action-story | 3rd May, 2008

Peter Preuss: Securing the future of Woori Yallock Creek

Peter Preuss is securing the future of the Woori Yallock Creek by protecting the future of those who will look after it.

ActionStory_Peter_PreussFor the past 16 years Peter has been responsible for helping hundreds of troubled teenagers out of a downward spiral of criminal behaviour and eventual jail. At the same time he has helped the Woori Yallock Creek escape its own form of jail – a life sentence of pollution, degradation and community indifference and ignorance.

As a former Principal of the Woori Yallock Farm School, Peter used agriculture and the environment as a backdrop for personal development, developing self-esteem, nurturing teamwork skills and “basically helping these kids become better people and therefore better students’’.

Regular tree-planting, water testing and bushwalks around the Yarra Valley helps “reach out to these lads’’.

“The results have been phenomenal,’’ Peter says. “There are people who are 30-plus years old now who I nurtured through our Farm School program. Many of them have said that if it wasn’t for the Farm School experience they would either be dead or in jail. Most of them were heading down a bad path and this is an early intervention program that hopefully nips them in the bud and gives them direction.’’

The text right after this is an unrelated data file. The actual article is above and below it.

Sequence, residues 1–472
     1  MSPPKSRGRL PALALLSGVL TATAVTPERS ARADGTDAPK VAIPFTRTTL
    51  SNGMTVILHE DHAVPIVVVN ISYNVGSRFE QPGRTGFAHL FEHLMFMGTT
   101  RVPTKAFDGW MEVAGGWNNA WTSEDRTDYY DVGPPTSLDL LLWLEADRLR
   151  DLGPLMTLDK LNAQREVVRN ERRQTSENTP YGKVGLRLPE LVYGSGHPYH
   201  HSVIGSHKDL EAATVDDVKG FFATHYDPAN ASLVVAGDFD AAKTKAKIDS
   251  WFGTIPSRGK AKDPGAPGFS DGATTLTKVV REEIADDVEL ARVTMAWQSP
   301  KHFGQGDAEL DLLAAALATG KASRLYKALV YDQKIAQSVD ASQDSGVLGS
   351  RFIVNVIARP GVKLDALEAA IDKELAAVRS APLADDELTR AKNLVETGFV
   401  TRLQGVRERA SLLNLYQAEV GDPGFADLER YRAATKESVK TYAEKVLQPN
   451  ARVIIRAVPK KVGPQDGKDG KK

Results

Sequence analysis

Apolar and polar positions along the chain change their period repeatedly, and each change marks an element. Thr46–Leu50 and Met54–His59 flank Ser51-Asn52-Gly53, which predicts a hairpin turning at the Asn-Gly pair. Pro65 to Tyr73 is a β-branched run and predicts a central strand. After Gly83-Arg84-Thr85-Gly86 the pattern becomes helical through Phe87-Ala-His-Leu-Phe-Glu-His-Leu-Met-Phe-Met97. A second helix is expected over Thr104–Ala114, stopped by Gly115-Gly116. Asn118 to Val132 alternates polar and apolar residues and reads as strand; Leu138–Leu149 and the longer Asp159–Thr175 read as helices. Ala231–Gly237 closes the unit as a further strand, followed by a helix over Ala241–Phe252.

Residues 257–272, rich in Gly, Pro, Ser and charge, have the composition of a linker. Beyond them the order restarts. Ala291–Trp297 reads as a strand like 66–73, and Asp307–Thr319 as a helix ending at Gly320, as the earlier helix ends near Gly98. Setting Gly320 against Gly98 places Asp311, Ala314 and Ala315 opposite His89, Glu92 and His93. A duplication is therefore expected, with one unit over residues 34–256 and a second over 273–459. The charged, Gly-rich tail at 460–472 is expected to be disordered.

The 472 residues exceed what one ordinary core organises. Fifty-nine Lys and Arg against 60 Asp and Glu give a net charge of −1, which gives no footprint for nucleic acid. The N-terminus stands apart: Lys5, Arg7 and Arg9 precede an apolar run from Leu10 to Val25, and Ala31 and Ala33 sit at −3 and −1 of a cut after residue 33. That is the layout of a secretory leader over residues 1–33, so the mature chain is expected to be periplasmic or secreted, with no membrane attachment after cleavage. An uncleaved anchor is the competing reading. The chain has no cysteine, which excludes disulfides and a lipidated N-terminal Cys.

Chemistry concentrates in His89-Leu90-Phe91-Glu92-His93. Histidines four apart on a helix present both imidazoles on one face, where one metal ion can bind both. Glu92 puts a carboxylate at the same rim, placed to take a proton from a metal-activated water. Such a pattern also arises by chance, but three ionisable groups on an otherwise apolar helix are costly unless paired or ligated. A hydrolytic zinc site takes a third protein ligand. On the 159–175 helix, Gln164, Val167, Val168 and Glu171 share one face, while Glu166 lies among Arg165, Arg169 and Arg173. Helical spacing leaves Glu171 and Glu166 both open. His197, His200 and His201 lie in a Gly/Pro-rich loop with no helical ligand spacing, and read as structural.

Peter says the program works effectively because reconnecting young people to nature gives them a sense of place in the world, especially if they are suffering from low self-esteem.

“We’ve planted thousands and thousands of trees where land around the Woori Yallock Creek was totally trampled by cattle and the water was horribly polluted. I’ve seen areas along that creek go from bare paddock to beautiful little forests that are teeming with life. That’s the legacy of these kids who are now living a range of interesting, successful lives.

“The great thing about that is you can take the current crop of kids down to these forests. If you just give these kids a little plant and tell them to plant it, they’re not going to do it – they just won’t care. But if you’re able to show them the end result they begin to see the difference they can make and they begin to take an interest in why they’re planting them and how it affects wildlife and water quality.’’

Peter moved into the Yarra Valley from Frankston 30 years ago and now lives with his wife on the banks of the Yarra River.

“We have dinner on our own little beach on the Yarra. We’re very lucky,’’ he says. He recently accepted a new teaching job at Worawa Aboriginal College which also fronts the Yarra.

“I have noticed over the years how people have generally become more aware that what you dump on the side of the road eventually ends up in the rivers and our bay.

“But we’ve still got a long way to go. You only need to stand where the relatively clean water of the Yarra meets the pretty grotty looking water of the Woori Yallock to realise the damage we cause. If we can’t look after the catchments here, what hope is there for the river further down?’’

Written by Daniel Clarke, Environment Victoria, May 2008